35. A process according to claim 32, wherein the inert gas is replaced with nitrogen.

36. 36-40. (canceled)

41. A process according to claim 32, wherein there is provided a slight overpressure of inert gas to prevent any air inflow into the furnace.

42. A process according to claim 32, wherein a controlled amount of oxidizing gas is also injected into the furnace just prior to removing free metal so as to provide a controlled oxidation of some free metal and thereby increase the temperature of the metal in the furnace when required.

43. A process according to claim 32, wherein a batch of hot dross, charged into a cold empty furnace filled with an inert gas, is further heated by injection of an oxidizing gas into the furnace, while rotating and oscillating the furnace, so as to oxidize sufficient recoverable metal within the dross to evenly heat the dross above the temperature required for metal tapping.

44. (canceled)

45. A process according to claim 32, wherein the recoverable metal is one of aluminum, zinc, lead and nickel.

46. A process according to claim 32, wherein the filling material acts as a thick blanket which protects the furnace refractory wall from both mechanical and thermal shocks as the cold dross chunks are charged and tumble before crumbling.

47. A process according to claim 32 to treat aluminum dross, wherein the mostly aluminum oxide residue can be recycled as a cover for an aluminum electrolytic cell.

48. A process according to claim 32 to treat zinc dross, wherein the mostly zinc oxide residue can be recycled as a cover for the zinc leaching step.

49. A process according to claim 32 to treat zinc dross, wherein the process residue is a by-product consisting of mostly zinc oxide, contaminants having been eliminated during the high temperature processing of the dross in the furnace.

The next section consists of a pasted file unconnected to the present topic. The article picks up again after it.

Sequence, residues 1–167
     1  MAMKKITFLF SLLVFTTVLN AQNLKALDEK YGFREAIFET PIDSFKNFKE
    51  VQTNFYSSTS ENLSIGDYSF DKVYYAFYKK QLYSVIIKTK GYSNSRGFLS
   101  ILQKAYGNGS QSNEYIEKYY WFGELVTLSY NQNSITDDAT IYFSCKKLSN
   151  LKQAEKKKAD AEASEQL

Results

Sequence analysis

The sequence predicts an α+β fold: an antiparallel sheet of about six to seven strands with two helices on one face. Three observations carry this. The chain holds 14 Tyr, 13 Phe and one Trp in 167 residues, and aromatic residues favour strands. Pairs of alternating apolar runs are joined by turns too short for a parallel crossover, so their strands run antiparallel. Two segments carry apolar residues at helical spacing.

50. A process according to claim 32, wherein the recovered metal following tapping and kept molten in a suitable container such as a refractory lined ladle is returned to the molten metal holding furnace and is poured into the melt of that holding furnace.

51. An apparatus for recovering metal, such as aluminum, contained in a dross, comprising: (a) a rotary or oscillatory furnace adapted for high temperature treatment of drosses, said furnace having a chamber partially filled with a filling material capable of accumulating and conducting heat provided by an exothermic reaction within said chamber, said filling material also being capable of storing heat suitable for heating a charge of dross above the melting point of the metal to be recovered, said furnace also having an opening through which dross may be charged into the chamber and dross residue discharged from said chamber, as well as a door for hermetically closing said opening during treatment of the dross, and said furnace further having a tap hole for tapping recovered molten metal: (b) an inert gas injection device for injecting an inert gas into said furnace; (c) an oxidizing gas for controllably injecting an oxidizing gas into said furnace; (d) a monitoring device for monitoring the temperature of the dross charge inside the furnace and of the filling material remaining in the furnace after tapping of the recovered molten metal and discharging of the dross residue; and (e) a conveying device for returning the recovered metal in the molten state to the holding furnace.

52. Apparatus according to claim 51, wherein the furnace is also tiltable to facilitate charging and discharging of materials.

53. 53-54. (canceled)